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3 tips to reduce anxiety and stress for teachers and educators

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Turns out, the new normal isn’t really all that ‘normal.’ 

COVID tore up the rulebook when it comes to education, forcing teachers and educators to adapt on the fly, updating and changing as they go. That uncertainty is creating unprecedented levels of stress and anxiety – and that’s not good for our mental health. 

But, there’s one key thing you absolutely need to remember when the waters start to get too high. It’s not just about the education. It’s also about the structure. The structure that educators are providing their students with right now – as chaotic as it might seem some days – is a protective factor when it comes to their long-term mental health and wellbeing.  

So, don’t worry about being perfect. Just being there for them, helping to reduce that chaos, is incredibly beneficial right now. It’s important to remember that, especially on those days when you’re struggling yourself. 

What other things should you try to remember? 

  1. It’s OK to not know how all this works.

Yes, you want to be in control and have all the answers. Who doesn’t? But, the reality is, that’s just not where we are right now – and that’s OK.  

In the near term, it’s about progress, not perfection. Control what you can control in the here and now. It’s too easy to get lost in the big picture and, to be honest, we don’t always have much control over that anyway. So, try to be active – not just reactive. Take control of the things you can, and make whatever positive changes you can make.  

Maybe you’ve always wanted to take an online course? Or upgrade your tech set-up? Whatever it is, do what is within your power to make your situation better. 

  1. Honesty is usually the best policy.

Kids and young adults are pretty savvy. They can generally sense when adults are making it up as they go along.  

So: be honest. In times like these, it’s reassuring for students to know that you’re figuring it out, too. The best approach might be to say: ‘This is a big adventure, let's do it together’, or ‘We're living history as it's being made.’ Then, get them to help. Get them involved in finding solutions.  

There are so many times in their lives when they will be facing the unknown and aren’t sure what they should do next. Show them how you problem solve, and what a calm, creative, honest leader looks like.  

  1. Look after yourself.

When you’re overwhelmed and constantly dealing with the next emergency, self-care often falls to the wayside. But we’re in a marathon, not a sprint, so taking care of your mental and physical health must be a priority for you.  

Here are a few practical tips:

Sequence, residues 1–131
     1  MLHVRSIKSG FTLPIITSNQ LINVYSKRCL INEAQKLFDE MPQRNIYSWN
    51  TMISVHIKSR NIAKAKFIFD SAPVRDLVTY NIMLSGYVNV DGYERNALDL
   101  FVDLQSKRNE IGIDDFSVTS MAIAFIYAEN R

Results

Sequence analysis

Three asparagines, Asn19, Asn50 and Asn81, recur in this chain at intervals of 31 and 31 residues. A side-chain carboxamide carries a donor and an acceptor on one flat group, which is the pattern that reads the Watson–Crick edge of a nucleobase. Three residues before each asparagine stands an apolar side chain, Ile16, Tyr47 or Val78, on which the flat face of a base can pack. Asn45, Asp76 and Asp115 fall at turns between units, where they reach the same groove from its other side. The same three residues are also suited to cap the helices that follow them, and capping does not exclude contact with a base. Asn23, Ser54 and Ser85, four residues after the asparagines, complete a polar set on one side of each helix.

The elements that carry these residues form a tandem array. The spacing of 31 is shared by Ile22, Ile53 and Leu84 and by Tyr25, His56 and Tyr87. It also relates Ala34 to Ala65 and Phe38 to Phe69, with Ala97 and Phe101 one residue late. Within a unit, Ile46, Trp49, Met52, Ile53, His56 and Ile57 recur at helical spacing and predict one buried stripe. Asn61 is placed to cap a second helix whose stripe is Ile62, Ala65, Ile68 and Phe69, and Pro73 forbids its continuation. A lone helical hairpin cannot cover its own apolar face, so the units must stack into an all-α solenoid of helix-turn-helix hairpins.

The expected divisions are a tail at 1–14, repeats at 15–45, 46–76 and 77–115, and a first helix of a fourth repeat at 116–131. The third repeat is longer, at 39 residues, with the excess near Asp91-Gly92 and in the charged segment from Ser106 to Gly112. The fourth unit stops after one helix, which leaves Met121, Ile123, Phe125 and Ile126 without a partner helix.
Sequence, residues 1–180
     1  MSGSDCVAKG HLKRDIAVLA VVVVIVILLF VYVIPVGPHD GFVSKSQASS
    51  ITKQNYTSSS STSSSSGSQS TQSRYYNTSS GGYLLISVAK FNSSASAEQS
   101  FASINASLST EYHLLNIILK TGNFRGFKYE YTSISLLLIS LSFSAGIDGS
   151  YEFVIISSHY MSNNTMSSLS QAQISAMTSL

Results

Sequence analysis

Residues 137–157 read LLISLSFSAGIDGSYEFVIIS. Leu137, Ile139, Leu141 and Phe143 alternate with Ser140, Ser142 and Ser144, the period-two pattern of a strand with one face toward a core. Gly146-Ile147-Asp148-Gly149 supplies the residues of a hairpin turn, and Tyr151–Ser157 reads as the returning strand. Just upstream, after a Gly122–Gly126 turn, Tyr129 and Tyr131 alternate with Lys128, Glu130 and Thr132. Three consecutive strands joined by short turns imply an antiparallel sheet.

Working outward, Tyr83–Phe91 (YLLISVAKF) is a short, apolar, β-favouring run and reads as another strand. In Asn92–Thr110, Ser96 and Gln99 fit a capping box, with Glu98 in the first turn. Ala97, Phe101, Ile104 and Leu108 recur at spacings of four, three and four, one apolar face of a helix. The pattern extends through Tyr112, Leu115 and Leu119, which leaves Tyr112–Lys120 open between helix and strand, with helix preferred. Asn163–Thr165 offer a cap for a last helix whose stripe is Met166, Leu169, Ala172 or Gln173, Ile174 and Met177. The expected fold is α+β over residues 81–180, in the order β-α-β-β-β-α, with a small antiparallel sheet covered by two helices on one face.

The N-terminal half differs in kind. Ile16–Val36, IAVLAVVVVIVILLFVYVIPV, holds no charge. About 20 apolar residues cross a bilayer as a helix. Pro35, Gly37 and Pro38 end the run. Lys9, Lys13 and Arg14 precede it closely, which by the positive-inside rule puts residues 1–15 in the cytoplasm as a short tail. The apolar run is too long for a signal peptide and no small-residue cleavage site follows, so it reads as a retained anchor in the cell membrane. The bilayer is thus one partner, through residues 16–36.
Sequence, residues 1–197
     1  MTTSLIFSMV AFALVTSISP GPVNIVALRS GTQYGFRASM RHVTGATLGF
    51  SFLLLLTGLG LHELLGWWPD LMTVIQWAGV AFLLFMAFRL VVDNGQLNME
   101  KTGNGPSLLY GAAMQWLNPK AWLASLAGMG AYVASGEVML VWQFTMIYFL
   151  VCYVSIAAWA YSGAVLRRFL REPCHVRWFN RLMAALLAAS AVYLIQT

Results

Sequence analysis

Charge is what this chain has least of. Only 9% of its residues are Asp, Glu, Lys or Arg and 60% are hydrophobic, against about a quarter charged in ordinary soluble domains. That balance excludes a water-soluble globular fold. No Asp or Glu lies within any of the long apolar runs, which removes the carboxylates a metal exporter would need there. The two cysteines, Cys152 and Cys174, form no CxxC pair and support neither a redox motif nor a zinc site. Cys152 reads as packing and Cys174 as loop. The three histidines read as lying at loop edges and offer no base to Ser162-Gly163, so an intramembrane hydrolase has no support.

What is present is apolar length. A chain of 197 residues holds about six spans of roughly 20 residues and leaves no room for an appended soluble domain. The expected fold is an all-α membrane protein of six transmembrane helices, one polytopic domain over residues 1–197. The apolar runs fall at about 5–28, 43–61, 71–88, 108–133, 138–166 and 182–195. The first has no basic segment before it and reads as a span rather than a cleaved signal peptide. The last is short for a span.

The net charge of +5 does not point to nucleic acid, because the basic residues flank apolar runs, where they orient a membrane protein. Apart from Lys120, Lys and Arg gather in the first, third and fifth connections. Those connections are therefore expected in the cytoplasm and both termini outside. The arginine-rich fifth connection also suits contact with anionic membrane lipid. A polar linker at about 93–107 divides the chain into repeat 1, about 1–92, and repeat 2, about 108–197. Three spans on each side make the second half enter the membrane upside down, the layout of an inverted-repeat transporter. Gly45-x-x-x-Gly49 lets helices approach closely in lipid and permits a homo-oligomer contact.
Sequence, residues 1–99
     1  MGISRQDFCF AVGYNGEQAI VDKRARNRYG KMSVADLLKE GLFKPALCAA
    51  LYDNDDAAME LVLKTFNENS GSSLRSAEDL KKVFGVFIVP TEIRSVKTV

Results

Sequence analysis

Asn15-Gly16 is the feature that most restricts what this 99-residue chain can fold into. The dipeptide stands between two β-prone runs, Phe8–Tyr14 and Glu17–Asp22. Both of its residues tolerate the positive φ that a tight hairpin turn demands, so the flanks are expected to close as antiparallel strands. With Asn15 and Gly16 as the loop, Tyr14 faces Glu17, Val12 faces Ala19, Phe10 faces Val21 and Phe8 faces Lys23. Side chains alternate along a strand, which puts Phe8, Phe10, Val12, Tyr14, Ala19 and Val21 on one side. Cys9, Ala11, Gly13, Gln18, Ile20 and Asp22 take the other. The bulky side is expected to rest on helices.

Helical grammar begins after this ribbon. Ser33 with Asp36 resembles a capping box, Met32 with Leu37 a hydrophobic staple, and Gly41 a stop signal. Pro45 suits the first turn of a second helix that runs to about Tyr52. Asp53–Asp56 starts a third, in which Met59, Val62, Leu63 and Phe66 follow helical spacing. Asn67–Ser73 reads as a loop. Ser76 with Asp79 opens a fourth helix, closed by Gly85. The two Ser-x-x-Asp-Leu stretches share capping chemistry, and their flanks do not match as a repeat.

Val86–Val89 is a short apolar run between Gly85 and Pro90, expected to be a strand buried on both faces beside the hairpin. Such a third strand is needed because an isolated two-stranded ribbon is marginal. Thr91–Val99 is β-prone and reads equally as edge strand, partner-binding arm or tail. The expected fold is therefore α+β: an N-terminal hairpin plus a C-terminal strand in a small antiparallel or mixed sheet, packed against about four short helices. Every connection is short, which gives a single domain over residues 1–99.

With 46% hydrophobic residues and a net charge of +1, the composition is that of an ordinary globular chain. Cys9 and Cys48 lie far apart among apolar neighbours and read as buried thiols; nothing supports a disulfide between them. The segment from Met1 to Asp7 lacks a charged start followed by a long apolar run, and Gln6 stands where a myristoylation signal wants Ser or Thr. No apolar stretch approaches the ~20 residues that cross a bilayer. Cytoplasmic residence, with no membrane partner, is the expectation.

• Try to maintain perspective – things will get better.
  • Establish a daily routine that balances work and personal life as best as you can.
  • Find ways to stay active, and if possible, get fresh air every day.
  • Give yourself a COVID timeout by limiting news consumption.
  • Consider relaxation techniques, like meditation or yoga.
  • Try to eat healthy, balanced meals and get adequate sleep every night.
  • Don’t isolate yourself – stay connected with friends and family. Even a 10-minute chat with a friend can do wonders for our mood. 

Maintaining your good mental health is critical – especially now when stressors are through the roof. If you need help, please reach out to us or complete your assessment to get started with therapy. 

"Start by accepting the increased uncertainty..."

Stronger Minds content is for informational purposes only, does not constitute medical advice, and is not a substitute for professional medical advice, diagnosis, or treatment. This content is not intended to establish a standard of care with a reader, you should always seek the advice of your mental health professional, physician or other qualified health provider with any questions or concerns you may have regarding a medical or mental health condition. If you think you may have a medical or mental health emergency, call your doctor, go to the nearest hospital emergency department, or call emergency services immediately. You should never disregard or delay seeking medical advice relating to treatment or standard of care because of information contained herein. Medical information changes constantly. Therefore the information herein should not be considered current, complete or exhaustive, nor should you rely on such information to recommend a course of treatment for you or any other individual. Reliance on any information provided herein is solely at your own risk.